ENJOY THE SHOW
I'm back again in the South of France for the Cannes Film Festival, and it feels so good. I had to skip last year as I just couldn't afford to make the trip, and I really missed it. So I told myself I'd be back again this year, and here I am. There's just something about this place, a magic in the Mediterranean air that is almost tangible. There's so much history here, but right now I'm here, I'm a part of it. When I was mirroring Roger Ebert's book a few years ago (see "Two Weeks in the South of France" posts from 2014) there is a section where he talks about going out to Francis Ford Coppola's boat after the Apocalypse Now premiere. That's the kind of history that hangs over this festival, but it's actually inspiring and exciting, not overwhelming.
Now that you've seen it, what did you think? "You have operated with unlimited power and no supervision. That's something the world can no longer tolerate." Now in theaters is Marvel Studios' latest, Captain America: Civil War, directed by the Russo Brothers. This time they pit hero against hero, as the Avengers universe begins to go crazy as two sides are formed. On one side you have Captain America, Bucky, Falcon, Scarlet Witch and Hawkeye; on the other side there's Iron Man, Black Widow, War Machine, The Vision, Black Panther and yeah maybe Spidey. So how did this one turn out? Is it really one of their best yet? Once you've seen it, leave a comment with your own thoughts on Marvel's Captain America: Civil War.
In the Marvel Cinematic Universe, Captain America and Iron Man are currently at odds, fighting tooth and nail for their own respective ideologies. However, in the playing field that is the superhero genre, some are arguing that superhero movies are starting to become a tad predictable, their routine less super. They are familiar with Cap's shield and Iron Man's armor with some saying they just don't have the gleam they used to have. Marvel's greatest heroes might be facing a new battle altogether: fatigue. This isn't a battle just facing Marvel, but all superheroes alike. While Batman v Superman: Dawn of Justice, DC's own answer to that debate, might have proved a bit more polarizing than originally intended, Marvel's Captain America: Civil War proves that superheroes still have a bit more fight to them – and here's why.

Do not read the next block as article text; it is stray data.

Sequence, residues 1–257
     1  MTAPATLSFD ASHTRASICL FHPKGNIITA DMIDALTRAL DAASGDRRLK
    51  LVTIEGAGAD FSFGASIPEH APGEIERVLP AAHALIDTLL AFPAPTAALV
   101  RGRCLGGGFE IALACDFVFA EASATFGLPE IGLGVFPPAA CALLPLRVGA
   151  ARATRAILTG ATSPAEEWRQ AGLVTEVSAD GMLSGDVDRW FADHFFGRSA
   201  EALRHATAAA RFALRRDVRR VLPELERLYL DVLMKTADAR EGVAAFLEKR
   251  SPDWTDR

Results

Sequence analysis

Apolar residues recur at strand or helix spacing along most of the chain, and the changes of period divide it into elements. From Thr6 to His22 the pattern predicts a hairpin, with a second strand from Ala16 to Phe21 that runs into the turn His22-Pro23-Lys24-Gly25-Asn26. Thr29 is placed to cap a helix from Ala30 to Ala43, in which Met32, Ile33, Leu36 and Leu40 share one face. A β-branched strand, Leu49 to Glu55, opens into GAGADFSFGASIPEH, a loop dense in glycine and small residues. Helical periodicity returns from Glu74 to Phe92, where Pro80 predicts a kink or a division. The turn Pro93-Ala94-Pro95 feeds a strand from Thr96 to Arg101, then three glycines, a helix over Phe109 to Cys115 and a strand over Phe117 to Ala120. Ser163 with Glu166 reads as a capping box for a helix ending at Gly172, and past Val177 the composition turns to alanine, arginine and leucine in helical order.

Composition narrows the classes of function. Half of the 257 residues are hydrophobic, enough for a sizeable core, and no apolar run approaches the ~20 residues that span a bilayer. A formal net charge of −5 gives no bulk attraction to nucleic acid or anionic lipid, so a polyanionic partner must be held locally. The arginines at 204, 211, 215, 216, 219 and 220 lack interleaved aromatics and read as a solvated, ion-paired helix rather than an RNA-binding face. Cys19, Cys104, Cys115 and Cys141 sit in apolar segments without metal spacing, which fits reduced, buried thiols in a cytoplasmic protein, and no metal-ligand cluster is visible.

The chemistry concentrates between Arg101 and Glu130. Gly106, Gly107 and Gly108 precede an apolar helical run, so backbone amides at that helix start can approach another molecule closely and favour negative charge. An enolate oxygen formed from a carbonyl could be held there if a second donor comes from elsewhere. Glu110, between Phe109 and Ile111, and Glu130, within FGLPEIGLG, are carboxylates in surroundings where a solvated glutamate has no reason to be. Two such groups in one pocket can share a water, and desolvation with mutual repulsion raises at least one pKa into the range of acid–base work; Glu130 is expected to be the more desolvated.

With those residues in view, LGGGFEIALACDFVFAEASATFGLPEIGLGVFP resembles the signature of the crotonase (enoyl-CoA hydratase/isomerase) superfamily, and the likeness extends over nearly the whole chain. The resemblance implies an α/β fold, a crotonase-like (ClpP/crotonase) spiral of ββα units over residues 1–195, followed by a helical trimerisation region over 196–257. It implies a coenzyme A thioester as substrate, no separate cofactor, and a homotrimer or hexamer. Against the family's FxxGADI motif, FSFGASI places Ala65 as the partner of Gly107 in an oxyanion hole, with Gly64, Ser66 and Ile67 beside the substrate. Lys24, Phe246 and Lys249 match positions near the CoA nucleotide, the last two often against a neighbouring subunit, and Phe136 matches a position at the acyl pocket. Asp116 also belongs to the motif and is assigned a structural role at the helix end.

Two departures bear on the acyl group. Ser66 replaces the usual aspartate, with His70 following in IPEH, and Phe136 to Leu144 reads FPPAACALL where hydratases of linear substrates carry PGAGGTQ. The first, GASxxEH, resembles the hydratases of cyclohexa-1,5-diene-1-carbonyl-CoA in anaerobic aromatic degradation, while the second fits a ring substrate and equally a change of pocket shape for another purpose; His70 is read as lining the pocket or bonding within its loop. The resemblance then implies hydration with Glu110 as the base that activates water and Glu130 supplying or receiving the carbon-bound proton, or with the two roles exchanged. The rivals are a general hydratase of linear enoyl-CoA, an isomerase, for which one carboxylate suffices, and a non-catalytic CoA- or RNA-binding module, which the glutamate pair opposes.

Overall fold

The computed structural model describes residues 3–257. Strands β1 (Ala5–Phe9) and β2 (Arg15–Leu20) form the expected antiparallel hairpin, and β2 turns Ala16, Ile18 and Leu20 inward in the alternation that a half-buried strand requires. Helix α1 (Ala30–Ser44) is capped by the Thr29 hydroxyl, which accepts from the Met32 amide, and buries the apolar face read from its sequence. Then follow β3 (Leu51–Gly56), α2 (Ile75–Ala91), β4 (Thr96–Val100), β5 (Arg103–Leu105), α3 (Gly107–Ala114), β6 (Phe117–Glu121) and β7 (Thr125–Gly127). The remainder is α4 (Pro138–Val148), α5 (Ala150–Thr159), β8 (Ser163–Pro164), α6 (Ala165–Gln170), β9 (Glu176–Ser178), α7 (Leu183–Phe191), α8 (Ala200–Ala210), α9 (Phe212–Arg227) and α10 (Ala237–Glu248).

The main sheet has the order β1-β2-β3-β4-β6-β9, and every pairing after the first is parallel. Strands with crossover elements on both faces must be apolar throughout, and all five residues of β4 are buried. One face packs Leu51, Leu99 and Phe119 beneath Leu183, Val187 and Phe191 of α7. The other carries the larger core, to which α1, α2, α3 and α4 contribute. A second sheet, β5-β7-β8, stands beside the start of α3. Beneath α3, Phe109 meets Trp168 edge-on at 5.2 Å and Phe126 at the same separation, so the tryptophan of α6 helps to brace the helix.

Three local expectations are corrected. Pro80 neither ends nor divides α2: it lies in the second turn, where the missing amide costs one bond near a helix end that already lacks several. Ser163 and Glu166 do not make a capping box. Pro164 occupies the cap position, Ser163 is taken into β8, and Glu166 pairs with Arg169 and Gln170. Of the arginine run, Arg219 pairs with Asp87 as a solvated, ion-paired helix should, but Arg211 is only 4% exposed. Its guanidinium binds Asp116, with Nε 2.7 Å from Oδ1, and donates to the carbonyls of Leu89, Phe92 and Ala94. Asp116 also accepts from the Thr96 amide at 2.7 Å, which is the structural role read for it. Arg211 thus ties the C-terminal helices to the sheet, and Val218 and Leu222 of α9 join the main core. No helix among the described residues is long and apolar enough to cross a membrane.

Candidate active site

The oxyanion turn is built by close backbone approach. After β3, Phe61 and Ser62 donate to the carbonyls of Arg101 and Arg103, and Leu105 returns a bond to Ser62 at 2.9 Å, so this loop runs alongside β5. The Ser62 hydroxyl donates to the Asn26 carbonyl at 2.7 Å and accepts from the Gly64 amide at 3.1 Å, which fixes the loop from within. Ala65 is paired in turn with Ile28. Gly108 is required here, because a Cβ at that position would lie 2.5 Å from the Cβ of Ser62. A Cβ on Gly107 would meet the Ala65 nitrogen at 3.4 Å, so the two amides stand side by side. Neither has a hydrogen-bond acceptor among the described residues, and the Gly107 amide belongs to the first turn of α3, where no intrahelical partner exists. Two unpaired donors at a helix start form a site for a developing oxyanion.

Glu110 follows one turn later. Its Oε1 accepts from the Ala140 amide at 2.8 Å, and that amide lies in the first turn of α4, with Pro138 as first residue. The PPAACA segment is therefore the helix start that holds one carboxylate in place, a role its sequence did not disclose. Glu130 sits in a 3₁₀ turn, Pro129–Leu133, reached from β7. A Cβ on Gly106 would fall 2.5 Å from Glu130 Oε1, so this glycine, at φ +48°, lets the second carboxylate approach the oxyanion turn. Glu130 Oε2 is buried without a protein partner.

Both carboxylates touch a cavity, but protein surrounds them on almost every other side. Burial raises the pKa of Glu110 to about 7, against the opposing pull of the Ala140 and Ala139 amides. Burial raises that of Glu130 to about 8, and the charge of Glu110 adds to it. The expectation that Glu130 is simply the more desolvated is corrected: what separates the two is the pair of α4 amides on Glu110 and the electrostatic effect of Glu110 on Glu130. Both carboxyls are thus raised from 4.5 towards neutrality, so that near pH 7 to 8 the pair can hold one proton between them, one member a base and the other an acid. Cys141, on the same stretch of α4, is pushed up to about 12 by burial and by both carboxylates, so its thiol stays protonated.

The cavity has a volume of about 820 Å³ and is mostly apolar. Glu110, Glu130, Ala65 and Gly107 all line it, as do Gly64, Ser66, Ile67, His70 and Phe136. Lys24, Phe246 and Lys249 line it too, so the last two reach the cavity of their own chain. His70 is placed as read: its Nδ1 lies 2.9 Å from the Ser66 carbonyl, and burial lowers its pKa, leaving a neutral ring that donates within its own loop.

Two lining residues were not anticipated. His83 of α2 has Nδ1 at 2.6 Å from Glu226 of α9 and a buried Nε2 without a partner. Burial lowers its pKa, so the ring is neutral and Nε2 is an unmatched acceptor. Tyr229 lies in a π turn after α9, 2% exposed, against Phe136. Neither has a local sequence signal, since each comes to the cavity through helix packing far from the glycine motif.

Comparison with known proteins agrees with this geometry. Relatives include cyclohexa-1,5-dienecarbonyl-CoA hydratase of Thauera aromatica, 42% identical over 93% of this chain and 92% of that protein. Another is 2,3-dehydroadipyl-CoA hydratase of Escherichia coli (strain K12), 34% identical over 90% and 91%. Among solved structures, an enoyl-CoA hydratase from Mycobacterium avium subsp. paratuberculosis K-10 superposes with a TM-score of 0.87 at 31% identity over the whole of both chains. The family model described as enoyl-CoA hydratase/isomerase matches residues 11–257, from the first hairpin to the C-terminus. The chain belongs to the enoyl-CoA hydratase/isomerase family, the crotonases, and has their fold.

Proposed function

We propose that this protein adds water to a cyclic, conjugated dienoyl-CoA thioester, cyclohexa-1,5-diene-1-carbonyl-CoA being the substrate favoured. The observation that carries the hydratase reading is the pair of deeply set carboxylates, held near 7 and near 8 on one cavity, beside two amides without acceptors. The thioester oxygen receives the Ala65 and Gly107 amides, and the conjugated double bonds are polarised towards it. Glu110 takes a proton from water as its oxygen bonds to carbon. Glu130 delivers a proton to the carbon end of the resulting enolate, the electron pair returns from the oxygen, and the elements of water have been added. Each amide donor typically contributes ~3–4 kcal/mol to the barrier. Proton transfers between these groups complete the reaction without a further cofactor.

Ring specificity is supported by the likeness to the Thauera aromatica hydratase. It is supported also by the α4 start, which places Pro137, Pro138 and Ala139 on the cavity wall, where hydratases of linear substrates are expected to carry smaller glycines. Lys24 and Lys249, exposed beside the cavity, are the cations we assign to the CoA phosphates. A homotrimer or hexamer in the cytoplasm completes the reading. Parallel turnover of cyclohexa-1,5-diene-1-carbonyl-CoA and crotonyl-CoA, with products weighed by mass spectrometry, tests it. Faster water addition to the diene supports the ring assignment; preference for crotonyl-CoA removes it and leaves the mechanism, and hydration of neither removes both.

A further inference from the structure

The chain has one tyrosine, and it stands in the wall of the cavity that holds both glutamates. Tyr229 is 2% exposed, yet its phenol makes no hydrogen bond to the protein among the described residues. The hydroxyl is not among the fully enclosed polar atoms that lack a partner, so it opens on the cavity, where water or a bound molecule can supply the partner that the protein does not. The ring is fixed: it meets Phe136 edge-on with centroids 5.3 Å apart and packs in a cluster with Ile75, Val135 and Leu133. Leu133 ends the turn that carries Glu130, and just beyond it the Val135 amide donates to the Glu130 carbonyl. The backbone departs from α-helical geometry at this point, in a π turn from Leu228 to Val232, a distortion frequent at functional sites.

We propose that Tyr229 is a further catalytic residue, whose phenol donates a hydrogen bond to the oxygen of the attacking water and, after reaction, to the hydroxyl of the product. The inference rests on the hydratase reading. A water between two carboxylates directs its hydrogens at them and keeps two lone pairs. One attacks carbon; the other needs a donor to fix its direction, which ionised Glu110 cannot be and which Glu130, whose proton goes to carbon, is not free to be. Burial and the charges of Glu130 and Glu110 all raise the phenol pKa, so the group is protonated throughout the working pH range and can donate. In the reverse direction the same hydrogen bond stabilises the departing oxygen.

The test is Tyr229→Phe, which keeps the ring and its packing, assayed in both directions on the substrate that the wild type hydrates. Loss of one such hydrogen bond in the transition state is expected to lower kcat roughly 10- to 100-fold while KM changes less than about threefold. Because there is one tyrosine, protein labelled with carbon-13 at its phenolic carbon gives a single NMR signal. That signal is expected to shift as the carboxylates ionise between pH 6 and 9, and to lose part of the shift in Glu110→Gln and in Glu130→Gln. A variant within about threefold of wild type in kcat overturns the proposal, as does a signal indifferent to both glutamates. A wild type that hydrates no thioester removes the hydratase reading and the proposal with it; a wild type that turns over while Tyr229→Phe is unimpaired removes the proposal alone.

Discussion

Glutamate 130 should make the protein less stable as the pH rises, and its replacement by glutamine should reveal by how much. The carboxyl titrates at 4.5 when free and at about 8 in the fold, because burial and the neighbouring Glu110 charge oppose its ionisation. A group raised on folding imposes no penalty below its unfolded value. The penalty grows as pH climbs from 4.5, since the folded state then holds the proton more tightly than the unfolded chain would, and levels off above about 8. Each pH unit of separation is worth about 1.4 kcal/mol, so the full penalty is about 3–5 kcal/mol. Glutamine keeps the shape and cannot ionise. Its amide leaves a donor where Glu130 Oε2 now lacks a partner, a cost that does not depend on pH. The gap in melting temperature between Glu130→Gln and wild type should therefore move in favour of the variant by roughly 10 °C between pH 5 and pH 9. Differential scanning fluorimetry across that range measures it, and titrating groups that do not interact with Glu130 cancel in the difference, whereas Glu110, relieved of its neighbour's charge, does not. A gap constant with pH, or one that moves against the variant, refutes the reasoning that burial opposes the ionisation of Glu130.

On March 6th in 2009, Zack Snyder's Watchmen opened in theaters. The movie ended up being a modest success – earning nearly $200 million worldwide on a $130 million budget, with 65% on Rotten Tomatoes – but it would later develop more of a cult following on home video, with a "Director's Cut" and eventually an "Ultimate Cut" with a run-time of 215 minutes. Watchmen was released a year after Marvel Studios' Iron Man and several years before The Avengers and the big boom of superhero movies as we know it. As the film celebrates the 7th anniversary of its release, let's take a look back at how Watchmen paved the way for Snyder's upcoming Batman v Superman movie, and perhaps the entire DC Extended Universe itself.
The 88th Academy Awards are upon us and it's time to watch the show and discover the winners of the most prestigious award in Hollywood. The Oscar ceremony is being broadcast live from the Dolby Theatre in Hollywood with the esteemed Chris Rock as our host of the show this year. With eight worthy Best Picture nominees, it should be exciting to find out which one is the big winner. It has been a very interesting year - no one knows for sure what will win, it could be anyone. Will Mad Max reign supreme or will Iñárritu top again? It's finally time to find out who is taking home an Oscar, and who isn't, at the Academy Awards. The full list below will be updated with winners marked once announced live tonight - refresh for updates.
Read on for a complete list of #Oscars2016 nominees & winners. Let us know what you think of the results!
This will be updated throughout the night to reflect the winners as revealed. Additionally, I might be adding a small bit of editorial commentary beneath each category. Winners are highlighted in BOLD below.
Finally, the truth comes out. No, 10 Cloverfield Lane is not a Cloverfield sequel. In fact, it has nothing to do with Cloverfield (the original 2008 monster movie), producer J.J. Abrams finally admits: "This movie is very purposefully not called Cloverfield 2, because it's not Cloverfield 2." However, what he's getting at here is the "bigger picture" concept behind why Cloverfield is in the title and what they're going for: "there is a bigger idea at play for us with these movies and this connection." Essentially, movies made by Bad Robot that end up with "Cloverfield" in the title or synopsis are part of a series of "monster movies" that deal with a big sci-fi threat - not specifically the same monster. Abrams finally cleared the air about what to expect.